Recently, American model Bella Hadid has been sued by photographer Timur Mishiev for posting a photo of herself to her Instagram account, according to Independent Online. The model, who has 9 million followers, posted a photo of herself in a Tommy Hilfiger hat in September. Photographer Mishiev claims that the photo is a violation of his copyright and is asking “unspecified damages.”
Hadid is one of many celebrities and influencers who have gotten into legal trouble for posting certain photos on their Instagram pages. In many cases, they have been sued by photographers for copyright infringement for posting photos of themselves that the photographers had taken.
However, copyright infringement is only one of several legal issues that influencers may face. Here are some legal tips for Instagram influencers to consider to help protect themselves.
Do influencers have to disclose a relationship with companies that provide them with free, discounted products and services?
“You need to disclose material connections between you and the entity you are endorsing,” explains Brendan Healey, partner at Baron Harris Healey. Influencers need to disclose any relationships they have with companies that provide them with free or discounted products or services, along with any other notable relationships, such as family members working at the company. “Federal Trade Commission (FTC) views material connections pretty broadly; it’s fine to give an endorsement, but they want consumers to know,” Healey explains.
What constitutes a proper disclosure of that relationship?
“It varies, depending on the context of the endorsement,” Healey says. He gives the example of an influencer who gets a sweepstakes entry in exchange for an endorsement; the influencer could use hashtags like #contest and #sweepstakes. But the biggest issue is that the FTC wants the message to be prominent, Healey explains: “They expect the endorser to put consumers on notice that there is a material connection.”
Dave Lizerbram & Associates says on their blog, “Whether you’re an influencer, always include words like “#Ad,” “Sponsored,” “Promotion,” or “Paid ad” in the post. Every time. On every platform.” Thanking the company is not sufficient, the blog also notes.
Healey points out that the FTC has published several endorsement guides to help influencers navigate this area. Moreover, the FTC published a social media guide in November 2019. Healey recommends that people become familiar with them. After all, the FTC website notes: “As an influencer, it’s your responsibility to make these disclosures, to be familiar with the Endorsement Guides, and to comply with laws against deceptive ads. Don’t rely on others to do it for you."
Why can’t I post photos of myself that other people took?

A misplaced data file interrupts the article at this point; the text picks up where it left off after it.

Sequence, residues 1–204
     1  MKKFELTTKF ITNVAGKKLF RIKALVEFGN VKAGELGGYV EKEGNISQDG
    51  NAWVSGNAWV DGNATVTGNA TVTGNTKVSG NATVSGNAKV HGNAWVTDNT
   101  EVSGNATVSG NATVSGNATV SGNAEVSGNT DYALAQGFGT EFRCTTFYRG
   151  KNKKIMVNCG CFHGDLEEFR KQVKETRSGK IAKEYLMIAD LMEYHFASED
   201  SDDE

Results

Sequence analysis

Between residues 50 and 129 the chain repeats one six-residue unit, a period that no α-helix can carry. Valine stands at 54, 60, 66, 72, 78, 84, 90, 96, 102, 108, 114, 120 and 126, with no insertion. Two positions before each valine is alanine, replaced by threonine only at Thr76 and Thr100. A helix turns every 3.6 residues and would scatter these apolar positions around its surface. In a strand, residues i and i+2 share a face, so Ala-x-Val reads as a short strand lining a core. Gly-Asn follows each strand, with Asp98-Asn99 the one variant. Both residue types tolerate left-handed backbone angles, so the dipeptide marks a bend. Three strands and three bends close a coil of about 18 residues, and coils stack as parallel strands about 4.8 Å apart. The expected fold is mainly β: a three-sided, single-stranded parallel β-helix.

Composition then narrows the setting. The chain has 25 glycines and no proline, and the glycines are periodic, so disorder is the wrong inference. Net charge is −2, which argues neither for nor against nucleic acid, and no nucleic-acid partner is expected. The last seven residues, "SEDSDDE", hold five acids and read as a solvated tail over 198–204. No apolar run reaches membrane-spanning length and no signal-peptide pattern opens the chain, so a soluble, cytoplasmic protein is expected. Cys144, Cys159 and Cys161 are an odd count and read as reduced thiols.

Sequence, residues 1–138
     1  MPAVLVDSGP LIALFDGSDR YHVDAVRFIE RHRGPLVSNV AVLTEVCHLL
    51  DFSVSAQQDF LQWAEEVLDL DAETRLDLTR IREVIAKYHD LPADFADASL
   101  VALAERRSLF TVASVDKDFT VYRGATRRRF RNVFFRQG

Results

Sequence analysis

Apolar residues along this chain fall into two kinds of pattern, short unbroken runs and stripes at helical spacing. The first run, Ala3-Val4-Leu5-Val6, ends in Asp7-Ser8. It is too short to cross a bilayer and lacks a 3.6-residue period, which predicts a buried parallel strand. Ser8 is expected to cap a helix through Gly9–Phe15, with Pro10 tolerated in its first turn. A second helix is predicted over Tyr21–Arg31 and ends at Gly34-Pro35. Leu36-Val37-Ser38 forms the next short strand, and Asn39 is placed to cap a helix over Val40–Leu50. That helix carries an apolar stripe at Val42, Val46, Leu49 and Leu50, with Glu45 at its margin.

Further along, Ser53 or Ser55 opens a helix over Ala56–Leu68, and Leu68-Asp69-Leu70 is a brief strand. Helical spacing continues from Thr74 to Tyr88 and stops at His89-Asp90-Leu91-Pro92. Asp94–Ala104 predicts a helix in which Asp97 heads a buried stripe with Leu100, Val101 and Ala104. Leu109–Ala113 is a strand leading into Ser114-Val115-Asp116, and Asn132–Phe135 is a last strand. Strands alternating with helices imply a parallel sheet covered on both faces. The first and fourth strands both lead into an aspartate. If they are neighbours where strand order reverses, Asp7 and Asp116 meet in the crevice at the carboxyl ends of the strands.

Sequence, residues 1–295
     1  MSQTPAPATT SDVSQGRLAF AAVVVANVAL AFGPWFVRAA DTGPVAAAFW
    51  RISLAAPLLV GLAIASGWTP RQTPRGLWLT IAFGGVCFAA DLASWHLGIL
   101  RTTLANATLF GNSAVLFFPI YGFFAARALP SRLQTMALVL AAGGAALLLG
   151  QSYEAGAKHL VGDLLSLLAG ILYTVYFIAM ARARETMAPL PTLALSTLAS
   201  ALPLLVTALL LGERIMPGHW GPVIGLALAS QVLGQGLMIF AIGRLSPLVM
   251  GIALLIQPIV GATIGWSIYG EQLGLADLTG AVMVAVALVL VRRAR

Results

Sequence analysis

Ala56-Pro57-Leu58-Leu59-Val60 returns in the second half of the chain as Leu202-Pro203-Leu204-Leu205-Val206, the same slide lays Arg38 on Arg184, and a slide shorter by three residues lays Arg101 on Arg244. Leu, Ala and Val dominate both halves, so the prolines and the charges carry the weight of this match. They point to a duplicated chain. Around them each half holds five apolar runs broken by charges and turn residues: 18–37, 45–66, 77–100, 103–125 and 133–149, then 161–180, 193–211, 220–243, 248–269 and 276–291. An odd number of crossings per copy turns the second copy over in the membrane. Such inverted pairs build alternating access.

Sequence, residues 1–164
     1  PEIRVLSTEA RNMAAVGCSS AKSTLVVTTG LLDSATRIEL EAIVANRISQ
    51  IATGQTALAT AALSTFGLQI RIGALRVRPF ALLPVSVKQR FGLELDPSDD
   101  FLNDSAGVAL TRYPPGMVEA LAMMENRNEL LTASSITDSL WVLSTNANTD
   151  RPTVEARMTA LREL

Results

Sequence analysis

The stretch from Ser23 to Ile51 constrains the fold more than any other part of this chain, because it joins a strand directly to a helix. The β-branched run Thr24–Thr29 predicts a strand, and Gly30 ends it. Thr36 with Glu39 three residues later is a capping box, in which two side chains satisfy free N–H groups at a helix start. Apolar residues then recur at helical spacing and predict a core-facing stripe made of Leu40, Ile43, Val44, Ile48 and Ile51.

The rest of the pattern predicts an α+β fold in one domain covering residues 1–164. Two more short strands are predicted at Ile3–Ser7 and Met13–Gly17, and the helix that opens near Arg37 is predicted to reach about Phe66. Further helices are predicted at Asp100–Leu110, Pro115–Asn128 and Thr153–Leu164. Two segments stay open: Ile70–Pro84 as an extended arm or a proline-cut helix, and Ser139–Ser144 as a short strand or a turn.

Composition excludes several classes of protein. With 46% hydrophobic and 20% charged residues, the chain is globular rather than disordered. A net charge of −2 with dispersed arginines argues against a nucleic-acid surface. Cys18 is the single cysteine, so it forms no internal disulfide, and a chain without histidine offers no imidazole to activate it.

Because the photographer owns the copyright. Healey notes: “You own your image, but the photographer owns pictorial expression of that image.” That’s how so many celebrities have ended up getting sued in the past few years; they’ve used other people’s copyrighted works without permission and/or compensation.
If you want to use a photograph that someone else has taken of you, “obtain permission from the copyright holder,” explains Jeff Gluck, Gluck Law Firm, P.C. That way you can avoid potentially expensive lawsuits.
Can I be liable for things I say about a company?
It depends on the situation. In recent years, we’ve heard of cases where companies have gone after people for leaving bad reviews. If there is a contract between the influencer and the company, and the influencer breaks the contract, then the company might have a case. However, without a contract, people are free to say what they want; it’s a risk companies take, Healey says.
However, Gluck notes that “yes, if [the statements] are false and/or defamatory.” Defamatory statements are damaging lies said to a third party, whether it is written or oral. For instance, SideWalker has a great example of an influencer who gets covered in mosquito bites but then claims that the hotel the influencer was staying in had bed bugs.
Should I create a company, like an LLC or corp., to protect myself?
Influencers may want to consider incorporating, depending on their particular circumstances. Incorporating means that you have a legal shield between yourself and your business if you get sued, creating what is known as the corporate veil between yourself and the corporate entity. There are also possible tax benefits for incorporation. Healey says that if the influencer works full time at the position, they may want to incorporate, but if it is a side gig, it may not be necessary.
However, creating the “corporate veil” requires more than just filing paperwork. For instance, you should have separate accounts for your personal and business finances, as a start.
When should I seek an attorney?
You might want to consult an attorney when you face “a formal agreement with a brand,” Healey says. These contracts can be lucrative but can be high stakes so it is advisable to have an attorney walk you through the contract so you know the terms and obligations within it. Moreover, you should consult an attorney if the brand is asking you to do something that you may be uncomfortable with as well, Healey notes.
Moreover, if you are sued for copyright infringement or failure to disclose a material connection, along with other issues, it would definitely be advisable to talk to an attorney.